Yelp Inc. can’t shield the identify of an anonymous reviewer who posted allegedly defamatory statements about a tax preparer.

The ruling Monday by a California state appeals court is a setback for websites in an ongoing battle to protect their users, as well as their own businesses, from lawsuits they say are preempted by free-speech rights.

Alphabet Inc.’s Google, Facebook Inc., and the Electronic Frontier Foundation backed Yelp in its bid to overturn a judge’s order requiring it to reveal the identity of the accountant’s unhappy client. The online review said the tax preparer had prepared a sloppy return for double the money he initially quoted.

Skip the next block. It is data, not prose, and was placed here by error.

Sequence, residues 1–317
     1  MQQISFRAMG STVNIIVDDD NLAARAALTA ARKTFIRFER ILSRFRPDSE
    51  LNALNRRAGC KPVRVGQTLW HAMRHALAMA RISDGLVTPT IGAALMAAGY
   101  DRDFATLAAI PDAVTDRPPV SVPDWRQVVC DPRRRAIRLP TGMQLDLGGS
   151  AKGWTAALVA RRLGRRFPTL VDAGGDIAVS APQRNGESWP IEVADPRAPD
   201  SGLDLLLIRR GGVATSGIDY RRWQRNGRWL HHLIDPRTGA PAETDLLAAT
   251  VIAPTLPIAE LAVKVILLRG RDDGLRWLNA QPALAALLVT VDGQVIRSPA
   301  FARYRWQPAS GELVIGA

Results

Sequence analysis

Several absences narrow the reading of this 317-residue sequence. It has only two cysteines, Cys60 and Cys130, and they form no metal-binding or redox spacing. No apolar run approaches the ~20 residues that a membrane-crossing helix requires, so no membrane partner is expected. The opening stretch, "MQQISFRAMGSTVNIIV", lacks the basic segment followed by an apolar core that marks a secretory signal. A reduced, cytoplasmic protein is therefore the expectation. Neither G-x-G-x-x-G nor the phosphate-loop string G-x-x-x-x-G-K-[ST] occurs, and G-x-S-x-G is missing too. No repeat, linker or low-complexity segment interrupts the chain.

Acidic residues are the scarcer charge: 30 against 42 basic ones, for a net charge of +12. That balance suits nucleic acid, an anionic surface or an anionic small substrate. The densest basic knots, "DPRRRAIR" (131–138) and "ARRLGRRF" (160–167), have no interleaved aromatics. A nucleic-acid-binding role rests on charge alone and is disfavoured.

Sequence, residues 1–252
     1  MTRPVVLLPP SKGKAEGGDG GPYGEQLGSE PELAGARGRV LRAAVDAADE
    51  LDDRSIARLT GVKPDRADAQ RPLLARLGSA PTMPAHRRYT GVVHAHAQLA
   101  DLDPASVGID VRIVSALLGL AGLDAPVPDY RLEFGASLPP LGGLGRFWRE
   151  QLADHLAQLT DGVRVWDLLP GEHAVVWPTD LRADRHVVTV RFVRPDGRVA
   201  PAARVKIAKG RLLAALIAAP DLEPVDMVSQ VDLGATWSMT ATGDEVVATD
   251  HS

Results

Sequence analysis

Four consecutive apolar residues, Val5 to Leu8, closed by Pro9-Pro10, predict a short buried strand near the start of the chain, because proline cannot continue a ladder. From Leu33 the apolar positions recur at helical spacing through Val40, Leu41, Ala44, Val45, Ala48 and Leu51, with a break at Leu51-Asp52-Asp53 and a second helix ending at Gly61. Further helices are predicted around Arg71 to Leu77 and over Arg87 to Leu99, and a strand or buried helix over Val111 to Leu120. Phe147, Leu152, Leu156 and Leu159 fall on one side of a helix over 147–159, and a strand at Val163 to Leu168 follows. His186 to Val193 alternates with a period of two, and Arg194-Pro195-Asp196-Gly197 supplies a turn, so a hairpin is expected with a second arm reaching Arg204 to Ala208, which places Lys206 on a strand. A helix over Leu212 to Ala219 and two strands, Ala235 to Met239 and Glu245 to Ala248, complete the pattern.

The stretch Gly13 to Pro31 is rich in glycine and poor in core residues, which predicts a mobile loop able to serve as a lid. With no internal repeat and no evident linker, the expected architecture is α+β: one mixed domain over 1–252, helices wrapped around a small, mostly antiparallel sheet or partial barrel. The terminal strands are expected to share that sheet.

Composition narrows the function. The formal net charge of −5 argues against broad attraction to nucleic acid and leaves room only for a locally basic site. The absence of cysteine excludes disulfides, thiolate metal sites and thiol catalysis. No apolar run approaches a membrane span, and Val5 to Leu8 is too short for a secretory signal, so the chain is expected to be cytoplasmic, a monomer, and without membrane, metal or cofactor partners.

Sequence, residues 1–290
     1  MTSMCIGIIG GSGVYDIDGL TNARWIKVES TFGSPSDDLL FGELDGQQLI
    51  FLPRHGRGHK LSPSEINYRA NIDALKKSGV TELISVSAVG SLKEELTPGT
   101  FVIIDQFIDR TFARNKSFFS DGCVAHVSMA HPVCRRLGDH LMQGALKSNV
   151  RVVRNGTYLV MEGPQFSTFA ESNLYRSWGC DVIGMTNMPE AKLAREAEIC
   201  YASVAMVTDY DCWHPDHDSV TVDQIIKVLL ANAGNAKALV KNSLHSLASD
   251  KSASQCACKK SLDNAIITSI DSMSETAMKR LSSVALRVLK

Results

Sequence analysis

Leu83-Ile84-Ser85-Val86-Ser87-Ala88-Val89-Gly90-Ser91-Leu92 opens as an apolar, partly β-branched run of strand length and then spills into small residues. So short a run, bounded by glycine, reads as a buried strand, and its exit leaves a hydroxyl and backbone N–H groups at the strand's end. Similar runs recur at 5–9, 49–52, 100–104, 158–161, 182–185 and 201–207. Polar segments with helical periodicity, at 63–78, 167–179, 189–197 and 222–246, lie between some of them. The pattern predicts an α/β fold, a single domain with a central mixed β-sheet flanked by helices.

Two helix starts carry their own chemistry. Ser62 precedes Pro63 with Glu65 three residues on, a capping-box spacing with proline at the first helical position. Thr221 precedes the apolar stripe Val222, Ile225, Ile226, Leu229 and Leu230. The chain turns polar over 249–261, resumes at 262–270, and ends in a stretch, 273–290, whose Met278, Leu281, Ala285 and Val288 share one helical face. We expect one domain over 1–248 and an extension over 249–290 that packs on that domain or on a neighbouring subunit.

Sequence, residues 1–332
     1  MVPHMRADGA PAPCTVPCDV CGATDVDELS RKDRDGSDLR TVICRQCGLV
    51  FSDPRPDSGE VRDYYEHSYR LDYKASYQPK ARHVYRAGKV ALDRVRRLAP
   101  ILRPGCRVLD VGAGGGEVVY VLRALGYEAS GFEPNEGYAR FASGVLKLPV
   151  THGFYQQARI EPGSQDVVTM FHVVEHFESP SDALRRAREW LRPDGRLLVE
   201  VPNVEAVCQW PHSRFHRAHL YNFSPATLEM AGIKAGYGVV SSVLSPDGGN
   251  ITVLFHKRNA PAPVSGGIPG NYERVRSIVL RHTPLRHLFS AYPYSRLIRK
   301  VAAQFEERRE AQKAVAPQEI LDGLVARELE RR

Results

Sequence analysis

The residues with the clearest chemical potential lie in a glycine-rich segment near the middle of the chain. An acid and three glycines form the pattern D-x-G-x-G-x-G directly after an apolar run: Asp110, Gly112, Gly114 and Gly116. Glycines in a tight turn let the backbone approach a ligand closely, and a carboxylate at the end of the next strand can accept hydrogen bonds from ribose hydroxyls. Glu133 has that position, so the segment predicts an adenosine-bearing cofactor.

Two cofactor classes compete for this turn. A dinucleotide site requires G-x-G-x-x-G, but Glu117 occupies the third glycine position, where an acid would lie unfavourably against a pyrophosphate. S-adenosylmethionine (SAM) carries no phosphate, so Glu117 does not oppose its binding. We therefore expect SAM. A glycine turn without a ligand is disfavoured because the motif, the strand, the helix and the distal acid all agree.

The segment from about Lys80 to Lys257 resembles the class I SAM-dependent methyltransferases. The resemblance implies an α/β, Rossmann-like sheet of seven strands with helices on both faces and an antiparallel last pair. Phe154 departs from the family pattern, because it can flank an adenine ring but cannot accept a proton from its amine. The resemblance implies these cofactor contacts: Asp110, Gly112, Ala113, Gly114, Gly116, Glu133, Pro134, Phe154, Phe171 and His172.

The three-judge appeals panel in Santa Ana agreed with Yelp that it could protect the First Amendment rights of its anonymous reviewer but it still had to turn over the information. The panel reasoned that the accountant had made a showing that the review was defamatory in that it went beyond expressing an opinion and allegedly included false statements.

San Francisco-based Yelp declined to comment on the ruling.

The case is Yelp Inc. v. Superior Court of Orange County, G054358, California Court of Appeals, Fourth Appellate District (Santa Ana)

The Yelp Inc. application is displayed on for a photograph an Apple Inc. iPhone.
Andrew Harrer/Bloomberg

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